What’s surprising about this theatrical adaptation of The Kite Runner is that its world premiere was as long ago as March 2009 – it’s taken almost eight years to reach the West End, a long wait given the runaway success of the novel and the motion picture. This production likes to keep things simple, for the most part, in terms of staging. I loved how not every single thing was acted out. It was as if the audience was assumed to have intelligence, and a good deal of it, to know by way of the spoken dialogue, that a car journey is a car journey without actors miming opening doors, ‘getting in’ and closing the doors, one of them holding an imaginary steering wheel and both of them bouncing up and down to indicate movement. Not that there isn’t any miming: how would one feasibly go about credibly flying a kite in an indoor proscenium arch auditorium?
The play lets itself down in the opening scenes. In the audio commentary that accompanies the film, the creatives talk about using Dari and Pashto, the official languages of Afghanistan, as well as English, dependent on whom is speaking with whom and in what context. That is fine in a film – indeed, as the creatives point out, film audiences find it more authentic when conversations are carried out in the language in which they would naturally be expected to be conducted, and there are subtitles to translate. The problem here with the play is that there are no subtitles provided, and the audience therefore has no idea what is going on. There are, these days, ways and means of ‘surtitling’ (with words above rather than below); the Royal Opera House, for instance, makes regular use of this. Huge chunks of dialogue between Amir (Ben Turner) and Hassan (Andrei Costin) are thus missed. Mercifully, this is only true, as I say, of the opening scenes.
Even so, alienating audiences so early on is a real pity, particularly as both actors inhabit their characters so well. The portrayal of them as children is rather like that of Mickey and Eddie in the early scenes of Blood Brothers. Here, though, Turner’s Amir also acts as narrator, repeatedly directly engaging the audience. I was pleasantly surprised at how much of the book is included in the play, given both the breadth and depth of the salient themes. Some periphery details, almost inevitably, have been cast aside. And yet, this show gives the impression that it isn’t in a hurry to tell its story, despite its relatively sprightly pace.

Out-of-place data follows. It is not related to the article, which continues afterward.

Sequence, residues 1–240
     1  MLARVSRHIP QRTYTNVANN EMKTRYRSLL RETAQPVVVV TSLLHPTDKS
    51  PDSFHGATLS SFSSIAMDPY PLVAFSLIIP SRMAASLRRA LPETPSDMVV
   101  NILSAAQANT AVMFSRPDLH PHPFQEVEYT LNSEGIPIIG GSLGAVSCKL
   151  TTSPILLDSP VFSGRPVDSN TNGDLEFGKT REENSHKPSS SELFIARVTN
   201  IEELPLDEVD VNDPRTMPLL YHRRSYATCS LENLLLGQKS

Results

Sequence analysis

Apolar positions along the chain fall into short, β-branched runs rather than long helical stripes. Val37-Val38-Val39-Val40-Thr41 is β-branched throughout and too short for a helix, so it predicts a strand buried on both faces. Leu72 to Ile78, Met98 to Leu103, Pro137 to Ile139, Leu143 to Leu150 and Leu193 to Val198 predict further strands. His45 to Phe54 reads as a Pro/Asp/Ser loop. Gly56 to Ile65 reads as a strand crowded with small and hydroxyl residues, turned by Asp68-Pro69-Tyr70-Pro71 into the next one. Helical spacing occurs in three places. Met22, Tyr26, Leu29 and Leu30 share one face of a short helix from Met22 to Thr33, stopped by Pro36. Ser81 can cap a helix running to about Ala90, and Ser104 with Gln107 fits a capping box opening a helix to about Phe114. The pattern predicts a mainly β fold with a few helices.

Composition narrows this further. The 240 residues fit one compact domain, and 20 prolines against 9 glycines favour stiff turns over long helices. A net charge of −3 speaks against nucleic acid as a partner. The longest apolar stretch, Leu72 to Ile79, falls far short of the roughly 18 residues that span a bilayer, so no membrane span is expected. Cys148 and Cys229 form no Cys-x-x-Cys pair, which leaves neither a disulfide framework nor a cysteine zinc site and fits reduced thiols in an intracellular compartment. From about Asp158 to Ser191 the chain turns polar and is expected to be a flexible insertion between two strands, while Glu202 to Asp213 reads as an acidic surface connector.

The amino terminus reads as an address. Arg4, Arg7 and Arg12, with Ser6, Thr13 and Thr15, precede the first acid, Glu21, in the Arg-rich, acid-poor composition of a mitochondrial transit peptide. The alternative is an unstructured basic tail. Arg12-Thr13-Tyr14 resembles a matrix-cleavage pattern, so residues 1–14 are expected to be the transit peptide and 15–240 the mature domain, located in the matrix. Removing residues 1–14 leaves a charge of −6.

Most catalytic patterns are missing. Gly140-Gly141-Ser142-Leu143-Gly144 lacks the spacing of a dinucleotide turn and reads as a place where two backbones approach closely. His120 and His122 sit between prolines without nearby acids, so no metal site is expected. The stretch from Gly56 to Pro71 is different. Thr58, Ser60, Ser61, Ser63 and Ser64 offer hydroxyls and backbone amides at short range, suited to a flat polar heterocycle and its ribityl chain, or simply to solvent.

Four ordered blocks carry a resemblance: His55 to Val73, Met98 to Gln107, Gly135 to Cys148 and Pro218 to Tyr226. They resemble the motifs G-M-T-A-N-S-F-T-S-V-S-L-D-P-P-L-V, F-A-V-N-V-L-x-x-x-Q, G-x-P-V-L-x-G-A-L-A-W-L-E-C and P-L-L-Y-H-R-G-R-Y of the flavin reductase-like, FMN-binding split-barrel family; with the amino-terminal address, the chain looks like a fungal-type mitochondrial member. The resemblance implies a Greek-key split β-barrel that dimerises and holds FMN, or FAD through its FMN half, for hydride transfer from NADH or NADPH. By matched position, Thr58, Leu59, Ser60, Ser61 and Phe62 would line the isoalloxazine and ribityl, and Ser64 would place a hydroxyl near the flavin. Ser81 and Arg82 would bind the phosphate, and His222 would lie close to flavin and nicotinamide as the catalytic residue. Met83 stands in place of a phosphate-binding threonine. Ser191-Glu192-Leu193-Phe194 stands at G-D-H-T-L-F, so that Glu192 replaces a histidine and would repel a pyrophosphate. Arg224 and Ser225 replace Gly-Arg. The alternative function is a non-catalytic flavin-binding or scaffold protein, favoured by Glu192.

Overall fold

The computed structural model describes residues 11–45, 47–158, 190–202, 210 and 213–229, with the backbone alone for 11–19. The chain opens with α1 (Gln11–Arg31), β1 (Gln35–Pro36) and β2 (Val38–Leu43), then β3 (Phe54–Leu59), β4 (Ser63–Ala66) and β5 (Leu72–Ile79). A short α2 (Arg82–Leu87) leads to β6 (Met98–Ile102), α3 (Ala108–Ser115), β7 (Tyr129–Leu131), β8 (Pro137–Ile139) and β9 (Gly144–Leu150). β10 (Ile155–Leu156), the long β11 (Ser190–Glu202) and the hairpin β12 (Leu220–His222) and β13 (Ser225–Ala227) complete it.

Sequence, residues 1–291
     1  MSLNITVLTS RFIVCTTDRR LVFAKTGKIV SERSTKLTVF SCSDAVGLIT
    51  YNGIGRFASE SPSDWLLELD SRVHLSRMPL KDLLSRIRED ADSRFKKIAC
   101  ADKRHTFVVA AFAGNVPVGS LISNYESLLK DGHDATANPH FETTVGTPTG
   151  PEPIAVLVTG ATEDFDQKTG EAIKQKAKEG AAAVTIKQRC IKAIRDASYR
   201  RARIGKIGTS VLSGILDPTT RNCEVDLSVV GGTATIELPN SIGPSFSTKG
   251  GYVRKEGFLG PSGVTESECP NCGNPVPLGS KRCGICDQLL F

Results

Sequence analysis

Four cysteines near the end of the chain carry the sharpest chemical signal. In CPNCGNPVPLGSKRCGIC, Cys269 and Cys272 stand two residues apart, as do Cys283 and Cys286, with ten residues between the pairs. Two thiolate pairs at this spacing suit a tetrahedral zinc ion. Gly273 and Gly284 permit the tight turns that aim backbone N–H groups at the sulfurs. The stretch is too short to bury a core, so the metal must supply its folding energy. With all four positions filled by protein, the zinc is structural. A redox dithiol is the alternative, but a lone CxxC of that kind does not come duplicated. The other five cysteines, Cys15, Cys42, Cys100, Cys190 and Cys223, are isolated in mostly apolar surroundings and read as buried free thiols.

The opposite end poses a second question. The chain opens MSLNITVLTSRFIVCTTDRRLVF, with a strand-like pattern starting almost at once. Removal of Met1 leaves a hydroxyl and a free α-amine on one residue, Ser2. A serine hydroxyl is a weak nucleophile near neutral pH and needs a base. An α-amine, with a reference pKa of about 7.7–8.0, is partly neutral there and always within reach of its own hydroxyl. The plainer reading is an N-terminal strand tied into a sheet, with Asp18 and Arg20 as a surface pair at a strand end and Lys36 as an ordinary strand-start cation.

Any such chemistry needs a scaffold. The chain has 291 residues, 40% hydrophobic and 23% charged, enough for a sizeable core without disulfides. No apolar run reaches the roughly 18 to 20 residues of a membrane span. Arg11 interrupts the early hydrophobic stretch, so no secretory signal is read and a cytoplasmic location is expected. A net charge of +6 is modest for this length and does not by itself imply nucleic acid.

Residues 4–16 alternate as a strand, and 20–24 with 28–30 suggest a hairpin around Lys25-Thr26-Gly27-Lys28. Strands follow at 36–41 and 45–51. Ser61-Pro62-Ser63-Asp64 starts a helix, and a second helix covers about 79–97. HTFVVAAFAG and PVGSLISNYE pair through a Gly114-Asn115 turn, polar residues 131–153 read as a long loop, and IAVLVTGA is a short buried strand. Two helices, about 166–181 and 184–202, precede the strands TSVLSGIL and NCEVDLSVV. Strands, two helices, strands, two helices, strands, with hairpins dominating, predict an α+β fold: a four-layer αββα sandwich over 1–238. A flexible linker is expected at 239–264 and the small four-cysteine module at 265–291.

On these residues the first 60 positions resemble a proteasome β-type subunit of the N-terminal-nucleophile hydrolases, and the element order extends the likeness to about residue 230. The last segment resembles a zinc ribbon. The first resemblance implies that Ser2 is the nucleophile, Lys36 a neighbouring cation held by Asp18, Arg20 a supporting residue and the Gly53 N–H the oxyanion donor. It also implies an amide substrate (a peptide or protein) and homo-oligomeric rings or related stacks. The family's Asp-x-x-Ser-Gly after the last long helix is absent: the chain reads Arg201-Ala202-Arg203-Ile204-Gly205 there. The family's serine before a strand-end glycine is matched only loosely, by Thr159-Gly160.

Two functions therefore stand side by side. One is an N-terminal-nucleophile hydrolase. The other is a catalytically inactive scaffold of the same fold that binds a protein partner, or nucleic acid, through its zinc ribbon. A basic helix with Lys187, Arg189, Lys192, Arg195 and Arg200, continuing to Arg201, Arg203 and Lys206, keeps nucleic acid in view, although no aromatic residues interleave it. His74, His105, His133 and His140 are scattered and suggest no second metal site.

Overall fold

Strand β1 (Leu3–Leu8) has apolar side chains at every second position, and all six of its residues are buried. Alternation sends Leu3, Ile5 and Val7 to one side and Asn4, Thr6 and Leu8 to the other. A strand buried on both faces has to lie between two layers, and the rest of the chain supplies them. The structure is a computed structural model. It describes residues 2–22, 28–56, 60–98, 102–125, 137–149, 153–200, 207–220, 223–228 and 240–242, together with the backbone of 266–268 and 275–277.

It’s an incredibly hospitable production, too, insofar as the audience is spared the ‘hair-dryer treatment’. I suspect if this had been a Royal Shakespeare Company production, for example, there would have been considerably more shouting going on. And, given the war zone setting, a lot more fake blood. Even when Farid (Ezra Faroque Khan) yells at Zaman (David Ahmad), or Amir has an outburst at Rahim Khan (Nicholas Khan), it’s entirely believable without being ear-piercing. If anything, the play is almost too calm, but it suits a British audience, understated yet enlightening.
I have no idea whether the accents in this show are properly authentic, and remain undecided as to whether it really matters. Aside from Ben Turner as Amir, who is as central to this play as Christopher Boone is in The Curious Incident of the Dog in the Night-Time, there are stand-out performances from Assef (Nicholas Karimi) and Baba (Emilio Doorgasingh). Some mesmerising music comes from Hanif Khan, single-handedly providing a distinct Afghan atmosphere to proceedings, a presence as constant on-stage as Turner’s.
This is a hard-hitting play, running the full gamut of human emotion from the joy of an engagement to multiple tragedies – and not just at the hands of the Taliban. It’s truly felt by the audience, too: at various times hearty laughter ripples across the auditorium, other times audible weeping. A deep and challenging production.
London lad, loving life and all that it has to offer.